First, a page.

Bill Gross, co-chief investment officer of PIMCO, the world's biggest bond fund manager, on Thursday urged lawmakers to cut the massive federal deficit but not so swiftly as to choke off the nascent U.S. economic recovery.
Speaking exclusively to Reuters Insider, Gross said: Let's cut the deficit, but let's do it gradually, so that real economic growth can take hold.
Lawmakers struck a deal on Wednesday that delays for two weeks a showdown over the current year's spending plan. Republicans are seeking some $61 billion of cuts to help reduce the deficit, estimated to hit $1.65 trillion this year, but Senate Democrats are preparing a measure that would keep funding essentially flat.
The first negotiations on the budget are expected to take place on Thursday, according to congressional aides. Wednesday's deal averted a government shutdown as funding for daily operations had been due to expire on Friday, March 4.
Gross, who oversees $1.2 trillion of assets at the Newport Beach, Calif.-based, investment management firm, said he does not expect a credible deficit reduction plan until after the 2012 elections.
Addressing the risk to markets from the mushrooming budget deficit, Gross said U.S. Treasuries are moving toward being less of a triple-A credit, echoing a concern many bond investors have how long the United States can retain the highest possible rating designated by credit rating agencies.
Gross, who has been avoiding U.S. government debt securities recently, said he suspects the yield on Treasuries will move higher this summer after the Federal Reserve brings an end to its $600 billion Treasury purchasing program.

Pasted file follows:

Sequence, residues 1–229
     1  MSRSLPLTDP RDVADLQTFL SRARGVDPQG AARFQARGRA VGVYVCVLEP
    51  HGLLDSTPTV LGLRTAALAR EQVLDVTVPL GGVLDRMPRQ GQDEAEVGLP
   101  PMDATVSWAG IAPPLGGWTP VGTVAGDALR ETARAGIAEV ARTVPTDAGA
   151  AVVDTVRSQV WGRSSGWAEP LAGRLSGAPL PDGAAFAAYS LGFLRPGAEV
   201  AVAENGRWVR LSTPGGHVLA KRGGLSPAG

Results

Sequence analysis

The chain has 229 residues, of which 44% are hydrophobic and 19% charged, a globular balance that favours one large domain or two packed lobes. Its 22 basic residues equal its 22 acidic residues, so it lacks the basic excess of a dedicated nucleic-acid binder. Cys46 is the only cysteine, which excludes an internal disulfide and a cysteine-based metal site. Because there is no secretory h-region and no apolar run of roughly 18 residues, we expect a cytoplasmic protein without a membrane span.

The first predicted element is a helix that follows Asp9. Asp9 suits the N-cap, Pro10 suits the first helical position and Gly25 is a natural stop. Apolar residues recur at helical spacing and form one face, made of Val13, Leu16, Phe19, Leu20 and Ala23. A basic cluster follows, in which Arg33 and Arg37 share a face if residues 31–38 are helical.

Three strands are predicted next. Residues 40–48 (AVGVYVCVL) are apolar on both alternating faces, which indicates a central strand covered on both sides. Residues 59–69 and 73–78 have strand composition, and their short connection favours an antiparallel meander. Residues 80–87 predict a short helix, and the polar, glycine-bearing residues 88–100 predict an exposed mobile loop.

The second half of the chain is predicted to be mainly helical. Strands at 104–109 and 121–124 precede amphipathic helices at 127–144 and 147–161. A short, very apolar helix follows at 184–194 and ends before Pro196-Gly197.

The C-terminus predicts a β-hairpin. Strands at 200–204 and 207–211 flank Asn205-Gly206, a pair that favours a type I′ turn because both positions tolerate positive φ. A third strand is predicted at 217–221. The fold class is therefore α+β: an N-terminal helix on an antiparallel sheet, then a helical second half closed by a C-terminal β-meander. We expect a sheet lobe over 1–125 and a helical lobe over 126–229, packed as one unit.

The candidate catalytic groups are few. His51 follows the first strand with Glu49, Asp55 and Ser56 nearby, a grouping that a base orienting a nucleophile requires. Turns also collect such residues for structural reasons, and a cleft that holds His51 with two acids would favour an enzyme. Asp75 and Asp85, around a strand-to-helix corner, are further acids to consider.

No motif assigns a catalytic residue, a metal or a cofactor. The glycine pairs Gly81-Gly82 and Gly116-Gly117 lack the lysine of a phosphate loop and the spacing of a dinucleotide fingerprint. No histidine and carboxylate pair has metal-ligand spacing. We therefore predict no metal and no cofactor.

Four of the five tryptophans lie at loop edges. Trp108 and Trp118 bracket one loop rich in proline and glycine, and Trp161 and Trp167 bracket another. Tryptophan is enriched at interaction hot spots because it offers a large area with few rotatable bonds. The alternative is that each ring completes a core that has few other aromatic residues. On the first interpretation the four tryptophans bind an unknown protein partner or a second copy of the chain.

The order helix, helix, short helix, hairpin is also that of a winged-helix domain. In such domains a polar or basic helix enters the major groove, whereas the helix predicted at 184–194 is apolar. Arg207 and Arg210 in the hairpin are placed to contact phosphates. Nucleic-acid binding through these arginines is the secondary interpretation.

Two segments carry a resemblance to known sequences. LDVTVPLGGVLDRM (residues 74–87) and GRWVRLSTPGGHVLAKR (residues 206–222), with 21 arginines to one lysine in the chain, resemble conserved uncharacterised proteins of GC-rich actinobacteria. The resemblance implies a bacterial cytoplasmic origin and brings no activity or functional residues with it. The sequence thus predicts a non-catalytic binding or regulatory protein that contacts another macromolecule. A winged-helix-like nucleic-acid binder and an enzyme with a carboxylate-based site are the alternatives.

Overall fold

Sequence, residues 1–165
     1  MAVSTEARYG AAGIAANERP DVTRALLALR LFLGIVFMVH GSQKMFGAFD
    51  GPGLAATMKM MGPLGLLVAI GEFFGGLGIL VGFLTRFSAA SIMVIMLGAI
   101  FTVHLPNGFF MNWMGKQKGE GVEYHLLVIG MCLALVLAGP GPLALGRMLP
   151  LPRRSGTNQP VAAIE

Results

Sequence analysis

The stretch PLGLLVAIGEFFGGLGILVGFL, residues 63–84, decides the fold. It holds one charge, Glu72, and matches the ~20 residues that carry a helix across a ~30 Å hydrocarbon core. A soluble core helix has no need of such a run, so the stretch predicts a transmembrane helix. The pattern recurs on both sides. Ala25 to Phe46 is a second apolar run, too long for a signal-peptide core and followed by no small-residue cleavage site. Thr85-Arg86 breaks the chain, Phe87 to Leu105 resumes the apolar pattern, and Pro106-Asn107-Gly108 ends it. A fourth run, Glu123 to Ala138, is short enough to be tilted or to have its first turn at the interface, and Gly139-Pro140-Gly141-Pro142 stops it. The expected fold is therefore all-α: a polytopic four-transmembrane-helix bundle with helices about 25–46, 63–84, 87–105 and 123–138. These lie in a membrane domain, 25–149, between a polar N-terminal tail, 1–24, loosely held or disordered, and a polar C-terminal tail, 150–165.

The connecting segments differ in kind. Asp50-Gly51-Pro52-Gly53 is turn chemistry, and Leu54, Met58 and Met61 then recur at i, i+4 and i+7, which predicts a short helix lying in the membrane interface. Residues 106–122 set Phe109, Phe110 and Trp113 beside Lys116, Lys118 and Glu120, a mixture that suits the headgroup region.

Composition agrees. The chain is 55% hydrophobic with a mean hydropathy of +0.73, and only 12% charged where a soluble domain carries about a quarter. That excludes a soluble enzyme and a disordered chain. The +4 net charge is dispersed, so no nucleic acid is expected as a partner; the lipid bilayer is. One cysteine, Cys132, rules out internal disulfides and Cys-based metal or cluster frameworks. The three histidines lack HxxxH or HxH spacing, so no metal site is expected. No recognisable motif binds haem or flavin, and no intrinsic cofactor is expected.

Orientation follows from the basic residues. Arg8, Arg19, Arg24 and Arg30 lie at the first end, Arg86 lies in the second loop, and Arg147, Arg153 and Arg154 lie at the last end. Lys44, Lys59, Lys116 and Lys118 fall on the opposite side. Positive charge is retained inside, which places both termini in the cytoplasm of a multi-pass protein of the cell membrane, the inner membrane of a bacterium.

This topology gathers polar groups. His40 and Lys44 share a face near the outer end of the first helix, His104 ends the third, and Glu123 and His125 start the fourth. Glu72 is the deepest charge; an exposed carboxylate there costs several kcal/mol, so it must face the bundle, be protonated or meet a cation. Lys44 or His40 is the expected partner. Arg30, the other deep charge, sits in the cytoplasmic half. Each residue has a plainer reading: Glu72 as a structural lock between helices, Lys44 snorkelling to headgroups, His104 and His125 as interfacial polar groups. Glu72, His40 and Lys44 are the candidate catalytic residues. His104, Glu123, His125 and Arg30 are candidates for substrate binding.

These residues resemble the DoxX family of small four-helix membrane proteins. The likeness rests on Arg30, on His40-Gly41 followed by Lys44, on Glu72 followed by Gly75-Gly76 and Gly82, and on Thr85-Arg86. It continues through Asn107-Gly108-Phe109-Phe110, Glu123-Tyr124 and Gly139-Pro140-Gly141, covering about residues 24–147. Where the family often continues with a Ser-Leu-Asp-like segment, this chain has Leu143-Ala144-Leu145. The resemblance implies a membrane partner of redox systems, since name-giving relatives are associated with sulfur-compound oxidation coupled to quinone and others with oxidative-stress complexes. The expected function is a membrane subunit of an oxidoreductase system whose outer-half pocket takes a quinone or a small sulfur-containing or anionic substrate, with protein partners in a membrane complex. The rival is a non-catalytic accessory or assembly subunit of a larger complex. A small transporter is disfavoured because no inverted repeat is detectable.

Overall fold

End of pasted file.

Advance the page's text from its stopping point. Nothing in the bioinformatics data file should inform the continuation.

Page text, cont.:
In a more normal environment, the yield on benchmark U.S. 10-year notes would more closely track the nominal rate of gross domestic product growth, which Gross estimates to be roughly 5 percent.
A yield that high is not likely in this environment, but a 4.0 percent yield for 10-year notes is a rational expectation if the Fed disappears as the buyer of last resort, Gross said. The note currently yields 3.56 percent.
Turning his attention away from the U.S. situation, Gross saw European Central Bank President Jean Claude Trichet's comments Thursday on the inflation threat in the euro zone as signaling a near-term rate hike but not the beginning of a trend.
Trichet's use of the term strong vigilance following the ECB's monthly policy meeting was tough talk, there's no doubt about it, Gross said.
The ECB left benchmark rates for the region unchanged at a record low 1.0 percent. Gross said he now expects 25 basis points of increase thanks to high prices for oil and other commodities, which feature more prominently in the ECB's inflation math than in the Fed's.
Still, Gross said sufficient headwinds remain in the euro zone recovery to prevent any near-term rate increase from becoming a trend any time soon.
(Reporting by Dan Burns, Jennifer Rogers and Jennifer Ablan)